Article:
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Original Investigation |

Precise Longitudinal Tracking of Microscopic Structures in Melanocytic Nevi Using Reflectance Confocal Microscopy A Feasibility Study

Alon Scope, MD1,2; Limor Selinger, BA1; Margaret Oliviero, ARNP3; Francesca Farnetani, MD4; Elvira Moscarella, MD5; Caterina Longo, MD, PhD5; Harold S. Rabinovitz, MD3; Giovanni Pellacani, MD4
[+] Author Affiliations
1Department of Dermatology, Sheba Medical Center and Sackler School of Medicine, Tel Aviv University, Tel Aviv, Israel
2Dermatology Service, Memorial Sloan Kettering Cancer Center, New York
3Skin and Cancer Associates, Plantation, Florida
4Department of Dermatology, University of Modena and Reggio Emilia, Modena, Italy
5Dermatology and Skin Cancer Unit, Arcispedale S. Maria Nuova–IRCCS, Reggio Emilia, Italy
JAMA Dermatol. 2016;152(3):299-304. doi:10.1001/jamadermatol.2015.4993.
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Importance  Reflectance confocal microscopy (RCM), a cellular-level, in vivo imaging technique, may be potentially used for monitoring melanocytic neoplasms for microscopic stability vs changes over time.

Objective  To test feasibility of using RCM to track specific microscopic structures within nevi over 1 year.

Design, Setting, and Participants  This was an observational study, a review of prospectively acquired RCM images, performed at a tertiary academic medical center. Seventeen patients were enrolled from adult patients presenting to pigmented lesion clinic; from each participant, 3 confirmed benign nevi were randomly selected from the upper and lower back and from the lower extremity.

Exposures  Nevi underwent standardized RCM imaging at baseline and after 1 year.

Main Outcomes and Measures  We tested interobserver reproducibility in recognition of tissue anchors, RCM structures that can be identified at 2 time points. We used 2 tests to measure concordance between independent readers: (1) In the multiple choice matching test (n = 43 nevi), readers were shown a tissue anchor in a baseline RCM image (≤1 ×  1-mm field-of-view) and asked to identify the same structure in 1 of 4 equally sized RCM images obtained from the same nevus at follow-up. (2) In the annotation test (n = 29 nevi), readers were shown a tissue anchor in a follow-up RCM image (≤1× 1-mm field-of-view) and asked to annotate the corresponding location of this structure in the baseline RCM mosaic image (≤5 × 5-mm field-of-view) from the same nevus; good agreement was defined as annotations deviant by less than 10% of the mosaic's width.

Results  In total, 17 patients (mean age, 45 years [range, 28-70 years]; 10 [59%] were women) contributed a total of 51 nevi, of which 44 nevi (86%) were used for the study. Images from 7 nevi (14%) were suboptimal in quality. Tissue anchors were identified at both time points in all 44 nevi. Selected tissue anchors were located at a mean depth of 54.3 µm; the most commonly selected anchors (37 of 44 images [84.1%]) were dermal papillae. In the multiple choice matching test, compared with a reference reader, 2 readers correctly matched baseline to follow-up tissue anchors in 40 of 43 nevi (93%; P < .01) and 42 of 43 nevi (98%; P < .01), respectively. In the annotation test, there was good agreement between 2 readers in all 29 cases (100%); the mean deviation was 2% (range, 0%-7.5%).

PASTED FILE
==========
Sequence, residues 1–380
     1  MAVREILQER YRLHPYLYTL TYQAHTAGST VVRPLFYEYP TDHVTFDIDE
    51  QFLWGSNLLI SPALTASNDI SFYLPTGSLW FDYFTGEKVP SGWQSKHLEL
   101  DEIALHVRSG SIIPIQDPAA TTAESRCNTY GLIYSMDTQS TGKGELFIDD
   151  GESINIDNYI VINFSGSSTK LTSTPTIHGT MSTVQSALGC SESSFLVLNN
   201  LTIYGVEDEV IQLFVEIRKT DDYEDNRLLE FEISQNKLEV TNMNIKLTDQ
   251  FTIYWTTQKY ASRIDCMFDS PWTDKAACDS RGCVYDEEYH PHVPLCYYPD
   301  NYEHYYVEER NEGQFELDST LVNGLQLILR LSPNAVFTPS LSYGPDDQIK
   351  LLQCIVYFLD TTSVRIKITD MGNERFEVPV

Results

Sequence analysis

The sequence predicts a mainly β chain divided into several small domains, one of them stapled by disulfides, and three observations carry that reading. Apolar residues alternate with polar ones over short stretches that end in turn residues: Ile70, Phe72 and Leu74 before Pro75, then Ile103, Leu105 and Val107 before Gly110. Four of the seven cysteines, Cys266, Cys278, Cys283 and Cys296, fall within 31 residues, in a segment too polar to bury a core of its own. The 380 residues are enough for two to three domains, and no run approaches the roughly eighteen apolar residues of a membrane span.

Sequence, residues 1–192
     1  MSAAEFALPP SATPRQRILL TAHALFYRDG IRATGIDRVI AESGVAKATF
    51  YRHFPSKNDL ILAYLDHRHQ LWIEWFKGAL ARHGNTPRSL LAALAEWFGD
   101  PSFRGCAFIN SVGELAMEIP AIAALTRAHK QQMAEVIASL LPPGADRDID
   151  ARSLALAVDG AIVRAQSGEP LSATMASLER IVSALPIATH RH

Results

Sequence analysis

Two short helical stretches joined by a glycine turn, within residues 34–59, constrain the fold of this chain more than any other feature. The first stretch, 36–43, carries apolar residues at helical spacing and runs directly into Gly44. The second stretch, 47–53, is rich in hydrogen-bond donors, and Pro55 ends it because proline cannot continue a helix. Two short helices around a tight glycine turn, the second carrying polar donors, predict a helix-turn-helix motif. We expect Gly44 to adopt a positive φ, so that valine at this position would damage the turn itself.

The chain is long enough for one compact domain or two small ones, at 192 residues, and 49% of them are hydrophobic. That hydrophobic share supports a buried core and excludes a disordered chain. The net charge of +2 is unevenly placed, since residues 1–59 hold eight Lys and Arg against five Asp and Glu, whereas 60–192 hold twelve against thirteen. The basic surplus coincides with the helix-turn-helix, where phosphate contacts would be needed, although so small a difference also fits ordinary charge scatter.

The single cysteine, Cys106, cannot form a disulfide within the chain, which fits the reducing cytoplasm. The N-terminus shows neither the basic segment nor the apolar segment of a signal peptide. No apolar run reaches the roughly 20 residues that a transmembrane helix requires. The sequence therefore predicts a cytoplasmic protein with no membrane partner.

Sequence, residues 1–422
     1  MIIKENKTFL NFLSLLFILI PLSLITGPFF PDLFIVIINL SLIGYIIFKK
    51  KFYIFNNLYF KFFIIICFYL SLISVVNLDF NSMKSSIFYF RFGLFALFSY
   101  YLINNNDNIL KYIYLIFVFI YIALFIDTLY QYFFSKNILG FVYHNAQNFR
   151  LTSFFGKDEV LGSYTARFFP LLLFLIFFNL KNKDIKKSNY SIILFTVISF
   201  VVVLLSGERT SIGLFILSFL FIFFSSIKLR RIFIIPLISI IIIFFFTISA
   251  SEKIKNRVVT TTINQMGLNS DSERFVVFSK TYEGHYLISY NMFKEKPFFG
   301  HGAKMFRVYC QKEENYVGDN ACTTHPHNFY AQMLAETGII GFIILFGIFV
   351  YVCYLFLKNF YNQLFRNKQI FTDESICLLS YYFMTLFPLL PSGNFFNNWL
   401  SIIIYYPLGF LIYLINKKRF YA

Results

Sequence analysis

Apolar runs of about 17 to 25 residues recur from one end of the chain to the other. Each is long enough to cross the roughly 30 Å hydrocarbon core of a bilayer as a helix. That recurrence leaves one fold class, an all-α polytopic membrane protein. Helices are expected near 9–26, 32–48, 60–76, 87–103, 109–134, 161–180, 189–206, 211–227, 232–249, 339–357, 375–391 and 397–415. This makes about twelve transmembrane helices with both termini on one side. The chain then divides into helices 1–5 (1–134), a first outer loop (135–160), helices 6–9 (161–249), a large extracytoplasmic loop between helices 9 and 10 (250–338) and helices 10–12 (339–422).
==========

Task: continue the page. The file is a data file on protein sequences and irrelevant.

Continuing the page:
Conclusions and Relevance  Precise longitudinal tracking of microscopic structures in melanocytic nevi using RCM is feasible.

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Figure 1.
Tissue Anchors

A and B, Baseline and corresponding 1-year follow-up reflectance confocal microscopy (RCM) images (0.5 × 0.5 mm), respectively, at dermal-epidermal junction level showing a constellation of 3 adjacent dermal papillae (asterisks). C and D, Baseline follow-up RCM images (0.5 × 0.5 mm), respectively, showing nests in adjacent dermal papillae (arrowheads). E and F, Baseline and follow-up RCM images (0.5 × 0.5 mm), respectively showing corresponding arrangement of glyphics (arrowheads) and surface depressions (asterisks).

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Figure 2.
Multiple Choice Matching Test

A and B, Reflectance confocal microscopy images at the dermal-epidermal junction level (0.5 × 0.5 mm) from a lower back nevus of a woman in her 40s. An hourglass shape made of 2 dermal papillae from baseline (A, asterisks and circle) can be recognized (at a slight rotation) in 1 of 4 follow-up images (B, asterisks and circle).

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Figure 3.
Annotation Test

A and B, Reflectance confocal microscopy images at the dermal-epidermal junction level from an upper back nevus of a woman in her 60s. A. Baseline mosaic image (5 × 5 mm). Two independent readers' annotations (squares) deviate by 2%. B, Follow-up image (1.25 × 1.25 mm). The same tissue anchor composed of a constellation of 6 dermal papillae (asterisks) can be recognized in both images.

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